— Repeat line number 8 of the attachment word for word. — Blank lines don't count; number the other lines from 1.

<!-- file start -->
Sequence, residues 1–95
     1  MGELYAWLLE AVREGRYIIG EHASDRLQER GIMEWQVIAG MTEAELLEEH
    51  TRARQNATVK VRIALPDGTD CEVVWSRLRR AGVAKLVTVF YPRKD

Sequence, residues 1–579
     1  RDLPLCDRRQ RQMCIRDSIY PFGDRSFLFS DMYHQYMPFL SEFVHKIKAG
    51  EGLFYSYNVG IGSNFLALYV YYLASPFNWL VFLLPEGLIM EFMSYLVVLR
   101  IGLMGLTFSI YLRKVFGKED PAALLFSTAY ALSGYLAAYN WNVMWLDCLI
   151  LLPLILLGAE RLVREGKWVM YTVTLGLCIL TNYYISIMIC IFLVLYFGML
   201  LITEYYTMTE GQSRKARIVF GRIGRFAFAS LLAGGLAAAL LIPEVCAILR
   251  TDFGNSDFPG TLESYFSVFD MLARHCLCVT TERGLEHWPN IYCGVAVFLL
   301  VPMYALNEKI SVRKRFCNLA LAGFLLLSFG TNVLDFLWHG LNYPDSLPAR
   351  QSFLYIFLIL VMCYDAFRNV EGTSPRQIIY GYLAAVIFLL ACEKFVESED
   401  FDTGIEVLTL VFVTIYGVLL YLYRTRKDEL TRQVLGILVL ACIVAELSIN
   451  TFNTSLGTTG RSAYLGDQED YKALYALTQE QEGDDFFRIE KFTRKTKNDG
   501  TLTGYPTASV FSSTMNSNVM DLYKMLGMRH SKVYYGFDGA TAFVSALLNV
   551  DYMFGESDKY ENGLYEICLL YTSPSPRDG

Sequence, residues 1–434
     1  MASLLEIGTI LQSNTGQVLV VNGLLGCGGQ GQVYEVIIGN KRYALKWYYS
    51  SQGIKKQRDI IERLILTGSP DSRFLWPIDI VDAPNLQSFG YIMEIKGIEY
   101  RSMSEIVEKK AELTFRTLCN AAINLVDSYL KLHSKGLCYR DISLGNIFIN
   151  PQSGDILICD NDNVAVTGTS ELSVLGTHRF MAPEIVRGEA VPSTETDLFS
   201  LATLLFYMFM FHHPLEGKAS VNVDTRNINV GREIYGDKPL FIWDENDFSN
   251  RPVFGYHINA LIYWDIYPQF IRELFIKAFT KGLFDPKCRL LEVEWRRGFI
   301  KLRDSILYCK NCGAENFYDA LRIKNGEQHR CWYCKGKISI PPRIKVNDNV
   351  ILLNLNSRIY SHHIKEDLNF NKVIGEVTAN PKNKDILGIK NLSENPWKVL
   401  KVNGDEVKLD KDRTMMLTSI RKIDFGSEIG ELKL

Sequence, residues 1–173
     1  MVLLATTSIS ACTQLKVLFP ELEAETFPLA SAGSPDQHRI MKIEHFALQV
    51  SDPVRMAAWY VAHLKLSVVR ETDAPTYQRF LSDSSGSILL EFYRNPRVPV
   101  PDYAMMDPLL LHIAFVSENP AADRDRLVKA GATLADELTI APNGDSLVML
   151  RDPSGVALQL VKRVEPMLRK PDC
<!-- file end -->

   151  LLPLILLGAE RLVREGKWVM YTVTLGLCIL TNYYISIMIC IFLVLYFGML